Careful foot care involves
- cleaning the feet daily using warm—not hot—water and a mild soap. Soaking the feet should be avoided. A soft towel can be used to dry the feet and between the toes.
- inspecting the feet and toes every day for cuts, blisters, redness, swelling, calluses, or other problems. Using a mirror—handheld or placed on the floor—may be helpful in checking the bottoms of the feet, or another person can help check the feet. A health care provider should be notified of any problems.
- using lotion to moisturize the feet. Getting lotion between the toes should be avoided.
- filing corns and calluses gently with a pumice stone after a bath or shower.
- cutting toenails to the shape of the toes and filing the edges with an emery board each week or when needed.
- always wearing shoes or slippers to protect feet from injuries. Wearing thick, soft, seamless socks can prevent skin irritation.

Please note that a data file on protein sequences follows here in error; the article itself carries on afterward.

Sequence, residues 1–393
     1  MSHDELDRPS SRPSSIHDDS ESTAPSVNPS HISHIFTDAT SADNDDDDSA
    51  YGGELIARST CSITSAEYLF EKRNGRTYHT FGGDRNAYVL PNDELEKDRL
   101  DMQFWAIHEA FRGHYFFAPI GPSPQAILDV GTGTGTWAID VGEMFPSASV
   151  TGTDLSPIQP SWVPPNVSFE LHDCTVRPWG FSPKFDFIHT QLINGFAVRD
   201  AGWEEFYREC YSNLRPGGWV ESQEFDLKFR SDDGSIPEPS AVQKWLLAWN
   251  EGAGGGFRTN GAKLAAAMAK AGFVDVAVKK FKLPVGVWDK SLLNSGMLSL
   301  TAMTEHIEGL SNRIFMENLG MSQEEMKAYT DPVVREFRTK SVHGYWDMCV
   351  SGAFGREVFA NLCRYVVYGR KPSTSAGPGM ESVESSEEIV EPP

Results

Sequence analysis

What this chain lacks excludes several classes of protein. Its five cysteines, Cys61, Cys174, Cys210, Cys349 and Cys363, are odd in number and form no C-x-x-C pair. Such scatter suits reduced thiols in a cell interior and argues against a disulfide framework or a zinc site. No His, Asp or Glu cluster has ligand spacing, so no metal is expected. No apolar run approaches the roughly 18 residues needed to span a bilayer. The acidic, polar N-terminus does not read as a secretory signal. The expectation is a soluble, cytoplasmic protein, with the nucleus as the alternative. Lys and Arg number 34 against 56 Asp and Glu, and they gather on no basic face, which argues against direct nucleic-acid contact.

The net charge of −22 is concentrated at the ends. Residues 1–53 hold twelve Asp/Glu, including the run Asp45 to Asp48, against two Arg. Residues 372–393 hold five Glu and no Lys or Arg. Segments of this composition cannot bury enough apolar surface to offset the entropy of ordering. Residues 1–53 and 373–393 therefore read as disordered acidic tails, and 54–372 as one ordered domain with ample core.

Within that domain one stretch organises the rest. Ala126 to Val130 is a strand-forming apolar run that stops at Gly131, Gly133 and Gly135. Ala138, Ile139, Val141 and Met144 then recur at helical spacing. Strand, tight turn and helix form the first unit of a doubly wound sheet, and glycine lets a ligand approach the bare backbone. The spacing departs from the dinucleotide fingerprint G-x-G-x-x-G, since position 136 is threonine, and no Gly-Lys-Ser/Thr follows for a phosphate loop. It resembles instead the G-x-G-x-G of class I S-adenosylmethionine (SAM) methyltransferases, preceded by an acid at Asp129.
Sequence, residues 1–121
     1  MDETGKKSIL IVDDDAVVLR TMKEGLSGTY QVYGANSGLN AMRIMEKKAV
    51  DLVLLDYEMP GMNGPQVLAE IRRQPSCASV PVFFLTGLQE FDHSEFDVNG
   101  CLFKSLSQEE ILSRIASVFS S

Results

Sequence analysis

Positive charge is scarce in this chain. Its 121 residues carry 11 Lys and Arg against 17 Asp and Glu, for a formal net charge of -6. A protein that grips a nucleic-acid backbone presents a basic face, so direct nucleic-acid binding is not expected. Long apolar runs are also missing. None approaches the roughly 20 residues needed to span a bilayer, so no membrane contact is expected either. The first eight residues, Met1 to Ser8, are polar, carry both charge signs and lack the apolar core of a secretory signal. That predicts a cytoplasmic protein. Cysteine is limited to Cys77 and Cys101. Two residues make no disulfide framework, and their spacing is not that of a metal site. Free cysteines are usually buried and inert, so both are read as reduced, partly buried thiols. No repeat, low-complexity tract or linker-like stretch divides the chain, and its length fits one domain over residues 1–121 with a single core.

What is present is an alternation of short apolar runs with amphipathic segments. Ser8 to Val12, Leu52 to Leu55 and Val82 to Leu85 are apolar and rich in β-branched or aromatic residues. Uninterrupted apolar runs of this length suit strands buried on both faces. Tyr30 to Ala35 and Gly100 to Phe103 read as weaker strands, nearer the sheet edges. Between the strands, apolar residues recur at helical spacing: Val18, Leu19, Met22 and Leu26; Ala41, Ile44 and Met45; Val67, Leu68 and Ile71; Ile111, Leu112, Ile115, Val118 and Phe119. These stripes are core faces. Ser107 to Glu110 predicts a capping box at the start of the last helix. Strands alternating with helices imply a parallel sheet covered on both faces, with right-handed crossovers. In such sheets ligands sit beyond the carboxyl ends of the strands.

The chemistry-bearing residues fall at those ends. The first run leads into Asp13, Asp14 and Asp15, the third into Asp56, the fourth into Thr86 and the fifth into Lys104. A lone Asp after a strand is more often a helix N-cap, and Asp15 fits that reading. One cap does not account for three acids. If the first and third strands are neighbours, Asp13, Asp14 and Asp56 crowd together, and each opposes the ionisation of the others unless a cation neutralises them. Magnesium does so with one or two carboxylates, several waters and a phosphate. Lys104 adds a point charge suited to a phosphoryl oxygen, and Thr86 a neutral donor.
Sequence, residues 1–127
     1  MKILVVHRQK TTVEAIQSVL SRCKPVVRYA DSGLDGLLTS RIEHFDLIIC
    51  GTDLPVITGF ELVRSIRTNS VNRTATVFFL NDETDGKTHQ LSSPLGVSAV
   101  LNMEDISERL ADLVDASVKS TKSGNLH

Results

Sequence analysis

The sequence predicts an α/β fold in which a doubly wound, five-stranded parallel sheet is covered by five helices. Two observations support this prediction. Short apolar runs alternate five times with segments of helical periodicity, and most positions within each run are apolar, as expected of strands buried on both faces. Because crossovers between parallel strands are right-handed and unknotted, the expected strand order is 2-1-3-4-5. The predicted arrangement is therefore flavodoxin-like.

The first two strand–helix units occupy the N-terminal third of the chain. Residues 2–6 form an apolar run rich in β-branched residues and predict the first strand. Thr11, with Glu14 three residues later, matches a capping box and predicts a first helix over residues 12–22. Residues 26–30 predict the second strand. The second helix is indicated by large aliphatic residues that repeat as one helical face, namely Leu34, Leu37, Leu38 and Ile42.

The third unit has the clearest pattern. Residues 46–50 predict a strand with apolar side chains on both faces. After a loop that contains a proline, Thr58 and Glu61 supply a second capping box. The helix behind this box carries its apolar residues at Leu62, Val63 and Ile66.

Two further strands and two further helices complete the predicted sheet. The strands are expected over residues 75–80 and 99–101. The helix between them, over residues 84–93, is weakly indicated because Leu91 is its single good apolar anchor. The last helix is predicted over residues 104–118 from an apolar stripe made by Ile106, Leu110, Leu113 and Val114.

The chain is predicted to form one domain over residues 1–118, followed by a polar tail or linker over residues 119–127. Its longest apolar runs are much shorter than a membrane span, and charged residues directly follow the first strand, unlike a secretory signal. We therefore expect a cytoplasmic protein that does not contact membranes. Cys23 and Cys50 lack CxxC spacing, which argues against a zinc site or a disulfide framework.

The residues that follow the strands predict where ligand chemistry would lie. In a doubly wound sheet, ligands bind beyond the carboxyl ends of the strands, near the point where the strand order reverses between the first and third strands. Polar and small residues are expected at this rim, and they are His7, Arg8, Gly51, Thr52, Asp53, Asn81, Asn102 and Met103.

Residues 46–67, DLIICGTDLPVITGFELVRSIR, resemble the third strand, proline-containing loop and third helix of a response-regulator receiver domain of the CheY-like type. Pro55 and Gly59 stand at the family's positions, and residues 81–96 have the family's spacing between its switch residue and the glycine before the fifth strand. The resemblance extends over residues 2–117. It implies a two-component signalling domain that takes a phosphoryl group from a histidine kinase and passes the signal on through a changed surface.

- wearing shoes that fit well and allow the toes to move. New shoes can be broken in gradually by first wearing them for only an hour at a time.
- looking shoes over carefully before putting them on and feeling the insides to make sure the shoes are free of tears, sharp edges, or objects that might injure the feet.
Points to Remember
- Diabetic neuropathies are nerve disorders caused by many of the abnormalities common to diabetes, such as high blood glucose.
- Neuropathy can affect nerves throughout the body, causing numbness and sometimes pain in the hands, arms, feet, or legs, and problems with the digestive tract, heart, sex organs, and other body systems.
- Treatment first involves bringing blood glucose levels within the normal range. Good blood glucose control may help prevent or delay the onset of further problems.
- Foot care is an important part of treatment. People with neuropathy need to inspect their feet daily for any injuries. Untreated injuries increase the risk of infected foot sores and amputation.
- Treatment also includes pain relief and other medications as needed, depending on the type of nerve damage.
- Smoking increases the risk of foot problems and amputation. A health care provider may be able to provide help with quitting.
Diabetic neuropathy can cause a number of serious complications, including